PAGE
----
I also started blogging to force myself to pause between two books and think about what I read. This requires other skills than the ones I use all day long at work. My brains lack the training, hopefully, I will improve. My not having a degree in literature or arts doesn’t help either. (My English classes mainly consisted in translating fascinating FT articles in French and even more fascinating Les Echos articles in English…)

For me, reading is above all a pleasure. I don’t plan what I’m going to read, I have enough of planning and scheduling in my professional life. I’m impulsive on the choice of the books I read. (In French we say “un coup de coeur”, a blow of heart).

I don’t intend to write lectures about the books I read but mostly to share of my personal experience with them. I’m trying to keep a  balance between a distant tone and personal feelings. 

I feel I have to say that I’m not writing this to attract comments or encouragements. I just wanted to share about this, that’s all.

So the experience has been intense but worth the effort. I’m not giving up.

Emmanuelle.

PS : I saw a pub in Paris named The Frog and the British Library and I thought “Damn it! This is how I should have called my blog!”

Categories: About reading
  1. June 29, 2010 at 5:53 pm

    I followed your link from Pechorin’s journal and have added you to my blogroll. Your English is incredibly good – I didn’t realise at first that you were writing in a foreign language. I am sure you will attract numerous readers by writing the type of intelligent posts I have found here.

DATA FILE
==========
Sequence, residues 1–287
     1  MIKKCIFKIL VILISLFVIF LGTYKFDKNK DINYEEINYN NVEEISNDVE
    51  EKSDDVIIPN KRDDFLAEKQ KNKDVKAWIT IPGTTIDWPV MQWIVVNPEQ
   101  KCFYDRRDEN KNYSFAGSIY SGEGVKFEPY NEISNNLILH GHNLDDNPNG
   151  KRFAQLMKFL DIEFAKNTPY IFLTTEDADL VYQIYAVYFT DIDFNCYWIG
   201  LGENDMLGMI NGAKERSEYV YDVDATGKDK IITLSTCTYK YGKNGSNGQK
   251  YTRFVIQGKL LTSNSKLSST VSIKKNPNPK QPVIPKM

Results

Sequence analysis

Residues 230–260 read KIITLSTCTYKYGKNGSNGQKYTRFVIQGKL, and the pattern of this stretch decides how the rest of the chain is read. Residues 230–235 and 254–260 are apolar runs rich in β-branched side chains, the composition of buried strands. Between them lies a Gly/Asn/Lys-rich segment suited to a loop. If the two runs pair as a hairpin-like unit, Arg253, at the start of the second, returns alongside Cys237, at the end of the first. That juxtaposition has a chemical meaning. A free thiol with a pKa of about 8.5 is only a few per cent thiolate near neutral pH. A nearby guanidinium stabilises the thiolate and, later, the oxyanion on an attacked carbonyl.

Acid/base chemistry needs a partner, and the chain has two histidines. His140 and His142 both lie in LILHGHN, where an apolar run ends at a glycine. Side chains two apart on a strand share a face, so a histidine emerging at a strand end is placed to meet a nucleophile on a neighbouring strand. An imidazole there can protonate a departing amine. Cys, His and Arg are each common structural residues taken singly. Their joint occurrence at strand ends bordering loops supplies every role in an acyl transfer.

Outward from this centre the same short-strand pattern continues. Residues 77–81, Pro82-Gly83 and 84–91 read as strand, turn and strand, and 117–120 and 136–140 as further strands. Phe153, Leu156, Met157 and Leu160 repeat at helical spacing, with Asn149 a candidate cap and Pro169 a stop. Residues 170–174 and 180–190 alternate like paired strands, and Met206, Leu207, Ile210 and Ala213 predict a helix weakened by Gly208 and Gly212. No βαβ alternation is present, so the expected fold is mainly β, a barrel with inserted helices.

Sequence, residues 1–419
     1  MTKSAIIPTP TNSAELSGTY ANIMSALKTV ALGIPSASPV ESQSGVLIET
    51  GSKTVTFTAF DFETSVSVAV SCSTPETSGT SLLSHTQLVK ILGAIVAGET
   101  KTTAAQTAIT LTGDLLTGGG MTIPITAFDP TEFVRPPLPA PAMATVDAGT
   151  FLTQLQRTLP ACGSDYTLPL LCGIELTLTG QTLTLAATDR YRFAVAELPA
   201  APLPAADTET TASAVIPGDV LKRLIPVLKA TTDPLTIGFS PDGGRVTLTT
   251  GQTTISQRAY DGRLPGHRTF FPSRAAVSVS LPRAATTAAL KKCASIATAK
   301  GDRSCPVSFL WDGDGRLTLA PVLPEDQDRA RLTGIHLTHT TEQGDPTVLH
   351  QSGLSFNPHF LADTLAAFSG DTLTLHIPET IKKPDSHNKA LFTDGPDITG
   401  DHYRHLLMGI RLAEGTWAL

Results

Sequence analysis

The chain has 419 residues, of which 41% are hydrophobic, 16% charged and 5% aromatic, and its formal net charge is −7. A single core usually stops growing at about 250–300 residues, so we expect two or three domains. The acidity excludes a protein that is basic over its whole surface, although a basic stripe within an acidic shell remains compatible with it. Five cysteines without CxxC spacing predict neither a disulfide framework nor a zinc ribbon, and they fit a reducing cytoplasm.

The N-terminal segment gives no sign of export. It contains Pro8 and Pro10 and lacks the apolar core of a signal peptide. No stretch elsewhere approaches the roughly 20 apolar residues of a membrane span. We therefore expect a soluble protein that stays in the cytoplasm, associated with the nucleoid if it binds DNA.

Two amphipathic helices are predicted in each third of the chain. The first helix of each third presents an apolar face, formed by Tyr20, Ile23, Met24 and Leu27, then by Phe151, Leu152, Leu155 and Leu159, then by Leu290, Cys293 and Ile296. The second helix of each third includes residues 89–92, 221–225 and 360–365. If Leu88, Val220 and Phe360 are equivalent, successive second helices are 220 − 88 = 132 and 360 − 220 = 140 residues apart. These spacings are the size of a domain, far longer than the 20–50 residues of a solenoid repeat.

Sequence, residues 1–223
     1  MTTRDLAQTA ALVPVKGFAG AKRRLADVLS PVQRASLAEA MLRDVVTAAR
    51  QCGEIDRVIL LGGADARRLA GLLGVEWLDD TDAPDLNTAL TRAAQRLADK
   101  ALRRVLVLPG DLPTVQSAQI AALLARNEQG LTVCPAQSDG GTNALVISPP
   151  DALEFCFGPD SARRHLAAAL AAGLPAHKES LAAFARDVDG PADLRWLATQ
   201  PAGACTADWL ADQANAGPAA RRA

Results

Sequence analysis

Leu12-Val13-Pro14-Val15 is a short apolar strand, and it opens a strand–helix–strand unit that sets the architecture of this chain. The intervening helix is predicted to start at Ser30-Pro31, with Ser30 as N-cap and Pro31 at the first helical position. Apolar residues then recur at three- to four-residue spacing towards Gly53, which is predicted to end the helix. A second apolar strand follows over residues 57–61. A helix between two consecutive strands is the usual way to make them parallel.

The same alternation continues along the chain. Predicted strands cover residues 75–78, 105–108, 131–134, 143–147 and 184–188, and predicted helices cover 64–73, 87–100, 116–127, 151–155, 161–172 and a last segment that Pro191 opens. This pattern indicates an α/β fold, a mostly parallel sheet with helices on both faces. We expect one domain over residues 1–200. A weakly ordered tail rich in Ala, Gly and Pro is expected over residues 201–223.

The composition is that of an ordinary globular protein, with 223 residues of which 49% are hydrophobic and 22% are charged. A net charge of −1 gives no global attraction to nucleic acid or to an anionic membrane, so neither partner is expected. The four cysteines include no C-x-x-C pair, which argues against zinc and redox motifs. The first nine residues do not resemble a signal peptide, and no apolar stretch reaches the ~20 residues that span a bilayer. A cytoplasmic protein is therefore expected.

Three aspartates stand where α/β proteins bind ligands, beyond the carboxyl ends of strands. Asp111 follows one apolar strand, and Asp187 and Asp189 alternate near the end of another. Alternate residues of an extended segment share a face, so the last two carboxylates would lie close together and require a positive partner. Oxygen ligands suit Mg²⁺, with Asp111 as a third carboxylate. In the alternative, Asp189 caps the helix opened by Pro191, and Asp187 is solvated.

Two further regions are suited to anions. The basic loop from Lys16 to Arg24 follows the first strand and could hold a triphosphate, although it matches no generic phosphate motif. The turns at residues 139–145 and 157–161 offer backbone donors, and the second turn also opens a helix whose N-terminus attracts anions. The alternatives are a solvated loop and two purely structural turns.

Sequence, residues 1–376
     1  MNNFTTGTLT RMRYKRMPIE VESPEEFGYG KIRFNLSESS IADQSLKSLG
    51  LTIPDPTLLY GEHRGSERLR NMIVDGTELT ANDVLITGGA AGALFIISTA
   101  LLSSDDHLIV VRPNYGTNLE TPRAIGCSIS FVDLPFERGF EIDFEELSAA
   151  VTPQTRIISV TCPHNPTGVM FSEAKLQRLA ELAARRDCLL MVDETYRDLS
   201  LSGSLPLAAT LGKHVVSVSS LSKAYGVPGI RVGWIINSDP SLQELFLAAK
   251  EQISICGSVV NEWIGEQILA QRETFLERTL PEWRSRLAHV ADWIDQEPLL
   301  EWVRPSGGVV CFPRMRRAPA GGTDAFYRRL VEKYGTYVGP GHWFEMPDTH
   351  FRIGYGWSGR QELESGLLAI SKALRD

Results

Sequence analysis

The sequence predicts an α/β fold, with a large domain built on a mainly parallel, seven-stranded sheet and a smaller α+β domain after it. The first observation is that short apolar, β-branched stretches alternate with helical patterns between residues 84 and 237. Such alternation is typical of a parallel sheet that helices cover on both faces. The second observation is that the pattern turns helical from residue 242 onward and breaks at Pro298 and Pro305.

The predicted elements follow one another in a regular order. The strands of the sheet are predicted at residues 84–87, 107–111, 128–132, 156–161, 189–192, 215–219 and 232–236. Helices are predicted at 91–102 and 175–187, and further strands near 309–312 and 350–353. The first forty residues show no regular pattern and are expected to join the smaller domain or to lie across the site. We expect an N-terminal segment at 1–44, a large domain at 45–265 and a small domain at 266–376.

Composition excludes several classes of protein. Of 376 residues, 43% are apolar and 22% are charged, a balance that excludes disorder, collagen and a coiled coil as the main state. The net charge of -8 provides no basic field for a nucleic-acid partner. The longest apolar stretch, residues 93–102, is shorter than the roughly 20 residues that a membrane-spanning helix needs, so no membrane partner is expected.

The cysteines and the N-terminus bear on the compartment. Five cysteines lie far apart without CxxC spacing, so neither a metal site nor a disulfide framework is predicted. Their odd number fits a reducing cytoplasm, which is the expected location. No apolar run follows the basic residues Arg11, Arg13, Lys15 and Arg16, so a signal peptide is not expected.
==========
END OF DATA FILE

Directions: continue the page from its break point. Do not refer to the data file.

Like

  2. June 29, 2010 at 7:34 pm

    Thank you, it’s very kind of you to say so.

    Like

  3. July 1, 2010 at 4:32 pm

    Your English is excellent.

    That aside, I’m glad you’re sticking with it. I enjoy your blog and you cover things I’m not famliar with which is very welcome. Frankly a voice outside the Anglo-American world that most English language blogs (naturally enough) inhabit is very welcome.

    On titles by the way, if I omit them please do feel free to ask. I’d always be happy to check.

    Like

  4. July 1, 2010 at 5:07 pm

    Thanks for the encouragement and I’ll ask for the titles I need if I don’t guess them.

    I like reading your blog very much : you succeed in keeping that balance between personal and neutral comments on what you read.

    If you notice I make a recurring mistake, feel free to tell me.

    Oh! I looked for Czech, Hungarian and Polish books, the shelf was very small in my book store. But apparently, Banffy was translated in French after it was a success in its English translation. I thought you may like to know that.

    Like

  5. GB Steve
    July 5, 2010 at 12:09 pm

    Likewise I followed your link and now I’m thinking that I should read more in French, given that I spent all of my secondary education years there. But then I wouldn’t no where to start. If you browse a bookshop in France, the covers don’t really tell you what the book is about. It’s so frustrating!

    Like

    • July 5, 2010 at 12:33 pm

      Hi GB Steve,
      Thanks for visiting my blog.
      That’s nice to hear from someone wishing to read in French. As you’re looking for ideas, go to the “reading list” page, there are two reading lists of French Literature. Or you can also look at the posts in the category “French literature”, but there are few as I started blogging a couple of weeks ago.
      Otherwise, if you want to buy French books (easily available on Amazon)you can rely on the publisher. As far as paperback are concerned, “Folio”, “10:18”, “Babel” and “Rivages” publish good literature.
      If you go on http://www.decitre.fr there will be a summary of the plot and information about the writer. But I don’t know if they deliver books abroad.

      Like

  1. April 30, 2012 at 12:08 am

I love to hear your thoughts, thanks for commenting. Comments in French are welcome